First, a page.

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Analysis: Asia stacked with problems for Obama

  • Story Highlights
  • Riminton: Afghanistan, Pakistan top of Obama's list of challenges in Asia
  • North Korea and possibility of nuclear-armed Iran also high on list
  • Powell: Obama ready to face unpleasant surprises
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By CNN Correspondent Hugh Riminton
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HONG KONG, China (CNN) -- Donald Rumsfeld was much pilloried for his musings on the "unknown unknowns" that bedevil defense planning. But an echo of that warning was floated Wednesday by another former Bush administration official as the election result became known.

Dealing with North Korea 's Kim Jong Il: One of the many challenges facing the next U.S. president.

"Something's going to come along," former U.S. Secretary of State Colin Powell told me in Hong Kong. "Somebody out there will try to take advantage of a change in administration and the newness of a new administration."

But his "stronger point," he said, was that something will happen that has nothing to do with testing a president. "It's just going to happen."

Barack Obama, the 44th President, will face a tough enough time with the "known unknowns."

Remarkably, Iraq is not the first challenge.

Saving Afghanistan and strengthening a crumbling Pakistan are top of the pile.

After meeting with senior Pakistani officials, including President Asif Ali Zardari this week, the new head of U.S. Central Command, General David Petraeus, said extremism in the Pakistani borderlands now poses an "existential threat" to the state of Pakistan.

"All parties recognize the nature of the threat, the significance of the extremist activity and the threat it poses to this country, to Afghanistan and beyond this region," he said.

Joe Biden made plain the incoming administration's view during the vice-presidential debate. He identified Pakistan as a bigger danger even than a nuclear-armed Iran.

"I promise you, if an attack comes in the homeland," he said, "it's going to come from al Qaeda planning in the hills of Afghanistan and Pakistan."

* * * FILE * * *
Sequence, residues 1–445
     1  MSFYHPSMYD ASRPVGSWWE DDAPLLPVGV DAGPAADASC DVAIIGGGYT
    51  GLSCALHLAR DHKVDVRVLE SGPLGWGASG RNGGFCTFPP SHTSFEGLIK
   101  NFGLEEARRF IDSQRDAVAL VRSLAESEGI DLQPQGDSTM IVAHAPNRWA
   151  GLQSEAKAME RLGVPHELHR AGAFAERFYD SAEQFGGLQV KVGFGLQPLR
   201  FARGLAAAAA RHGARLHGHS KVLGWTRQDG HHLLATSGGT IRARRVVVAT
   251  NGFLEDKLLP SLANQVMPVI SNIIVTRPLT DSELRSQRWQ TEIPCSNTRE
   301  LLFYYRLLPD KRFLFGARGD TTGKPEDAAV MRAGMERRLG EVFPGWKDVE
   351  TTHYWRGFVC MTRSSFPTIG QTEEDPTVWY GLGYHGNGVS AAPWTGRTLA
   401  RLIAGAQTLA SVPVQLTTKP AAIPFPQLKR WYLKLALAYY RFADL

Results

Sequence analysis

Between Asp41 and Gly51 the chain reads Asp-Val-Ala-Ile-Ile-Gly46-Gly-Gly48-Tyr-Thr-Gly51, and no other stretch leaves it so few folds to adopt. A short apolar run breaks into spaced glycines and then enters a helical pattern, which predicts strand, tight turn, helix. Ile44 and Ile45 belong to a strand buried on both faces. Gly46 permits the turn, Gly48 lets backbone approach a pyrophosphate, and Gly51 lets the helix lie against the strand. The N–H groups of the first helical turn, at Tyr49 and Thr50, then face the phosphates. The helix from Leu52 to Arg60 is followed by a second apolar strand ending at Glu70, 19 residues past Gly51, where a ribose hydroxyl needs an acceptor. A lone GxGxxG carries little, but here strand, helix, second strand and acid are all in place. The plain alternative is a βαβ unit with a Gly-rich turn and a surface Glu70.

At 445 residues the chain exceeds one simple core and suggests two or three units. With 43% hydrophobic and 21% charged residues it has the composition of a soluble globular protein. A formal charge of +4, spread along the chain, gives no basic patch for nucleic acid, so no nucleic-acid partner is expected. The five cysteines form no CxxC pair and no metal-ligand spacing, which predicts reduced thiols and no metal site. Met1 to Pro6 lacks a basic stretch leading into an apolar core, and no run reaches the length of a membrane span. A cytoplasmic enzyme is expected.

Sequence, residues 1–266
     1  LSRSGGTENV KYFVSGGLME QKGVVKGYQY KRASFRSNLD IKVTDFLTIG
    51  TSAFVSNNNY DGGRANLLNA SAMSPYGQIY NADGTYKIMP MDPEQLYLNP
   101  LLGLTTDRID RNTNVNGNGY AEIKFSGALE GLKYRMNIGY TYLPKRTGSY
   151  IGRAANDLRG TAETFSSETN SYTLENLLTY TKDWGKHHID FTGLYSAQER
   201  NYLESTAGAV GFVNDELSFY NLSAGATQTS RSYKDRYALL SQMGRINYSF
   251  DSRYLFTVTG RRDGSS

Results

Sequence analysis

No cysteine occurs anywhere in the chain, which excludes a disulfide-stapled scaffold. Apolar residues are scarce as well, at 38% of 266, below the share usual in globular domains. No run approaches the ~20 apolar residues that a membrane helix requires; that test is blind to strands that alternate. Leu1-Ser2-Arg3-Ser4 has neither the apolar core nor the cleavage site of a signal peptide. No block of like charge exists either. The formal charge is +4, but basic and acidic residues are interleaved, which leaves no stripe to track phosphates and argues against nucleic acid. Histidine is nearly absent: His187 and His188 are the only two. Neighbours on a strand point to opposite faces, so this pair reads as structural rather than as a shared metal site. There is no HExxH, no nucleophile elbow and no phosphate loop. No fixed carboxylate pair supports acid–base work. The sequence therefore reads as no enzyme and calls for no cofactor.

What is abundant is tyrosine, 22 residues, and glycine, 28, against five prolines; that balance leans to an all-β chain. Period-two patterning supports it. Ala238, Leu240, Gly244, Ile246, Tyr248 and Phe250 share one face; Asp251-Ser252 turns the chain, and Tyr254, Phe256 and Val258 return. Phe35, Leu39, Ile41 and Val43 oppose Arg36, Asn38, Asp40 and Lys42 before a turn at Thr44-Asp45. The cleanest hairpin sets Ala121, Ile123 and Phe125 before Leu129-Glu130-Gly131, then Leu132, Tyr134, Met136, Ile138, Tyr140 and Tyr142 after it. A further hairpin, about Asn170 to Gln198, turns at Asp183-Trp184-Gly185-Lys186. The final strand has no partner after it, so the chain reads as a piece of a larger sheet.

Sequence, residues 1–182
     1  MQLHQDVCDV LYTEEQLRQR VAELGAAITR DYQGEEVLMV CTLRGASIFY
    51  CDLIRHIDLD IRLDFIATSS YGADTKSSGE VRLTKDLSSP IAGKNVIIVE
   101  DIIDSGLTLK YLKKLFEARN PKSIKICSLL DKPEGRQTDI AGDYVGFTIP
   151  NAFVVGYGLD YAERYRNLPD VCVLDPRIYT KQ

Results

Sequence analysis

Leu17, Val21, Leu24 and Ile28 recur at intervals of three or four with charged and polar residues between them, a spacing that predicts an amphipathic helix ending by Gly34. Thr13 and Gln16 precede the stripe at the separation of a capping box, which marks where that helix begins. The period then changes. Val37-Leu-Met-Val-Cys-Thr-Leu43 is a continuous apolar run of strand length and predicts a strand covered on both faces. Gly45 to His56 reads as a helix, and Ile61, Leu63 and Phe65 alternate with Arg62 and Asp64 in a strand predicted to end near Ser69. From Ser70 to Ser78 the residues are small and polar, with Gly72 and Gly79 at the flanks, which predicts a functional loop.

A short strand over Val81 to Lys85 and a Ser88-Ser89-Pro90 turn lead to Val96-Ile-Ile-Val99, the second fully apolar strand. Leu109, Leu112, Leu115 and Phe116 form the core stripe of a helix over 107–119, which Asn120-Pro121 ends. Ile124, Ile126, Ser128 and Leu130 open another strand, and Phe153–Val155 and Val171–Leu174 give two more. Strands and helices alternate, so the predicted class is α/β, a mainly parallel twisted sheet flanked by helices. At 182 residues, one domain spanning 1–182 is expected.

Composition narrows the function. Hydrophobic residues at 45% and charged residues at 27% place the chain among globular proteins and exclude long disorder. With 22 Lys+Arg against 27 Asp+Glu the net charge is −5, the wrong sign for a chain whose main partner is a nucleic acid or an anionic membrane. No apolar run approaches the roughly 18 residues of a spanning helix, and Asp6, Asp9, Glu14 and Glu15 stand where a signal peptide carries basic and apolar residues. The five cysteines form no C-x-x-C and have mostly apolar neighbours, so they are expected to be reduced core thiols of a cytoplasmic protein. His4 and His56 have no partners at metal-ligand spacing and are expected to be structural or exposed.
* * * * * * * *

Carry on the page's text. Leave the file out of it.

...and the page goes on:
The message seems clear: The primary focus is not Iraq. It's back to fixing up after 9/11.

A nuclear-armed Iran, however, would be -- in Biden's words -- "a game-changer."

Having risked campaign capital with his offer to talk with Iran, President-elect Obama can be expected to follow through.

"We might be able to make progress and other countries are more likely to join us," says Zbigniew Brzezinski, a former National Security Adviser.

The universal expectation: a different tone under a President Obama. Brzezinski says allies are more likely to engage with the U-S and the Iranians be drawn in "if we don't conduct the negotiations in an atmosphere of mutual abuse or of military threats."

North Korea is another challenge. Kim Jong Il, the leader of the world's weakest nuclear power is in uncertain health. With no obvious succession plans and with recent bellicose threats to resume a nuclear program, North Korea needs close watching.

The six-party process that draws in North Korea's four neighbors, plus the United States, will remain the strategic platform, with China the key player in nudging Pyongyang along.

Meanwhile, China, Japan, South Korea, and other Asian export-driven nations will be nudging the new U.S. President to do what will be his first priority anyway: fix the U.S.economy.

To face the security risks, known and unknown, Colin Powell believes Americans have chosen a man with "every potential to be a great president."


Powell wept as he watched Obama's victory speech. But he says "we haven't elected Superman. We've elected a human being with strengths and weaknesses...we all have to work together to help him."

But the Republican Powell, who endorsed Obama in the last weeks of the campaign, says he is "reasonably comfortable [Obama] will be ready for that first crisis, even if it is a surprise."

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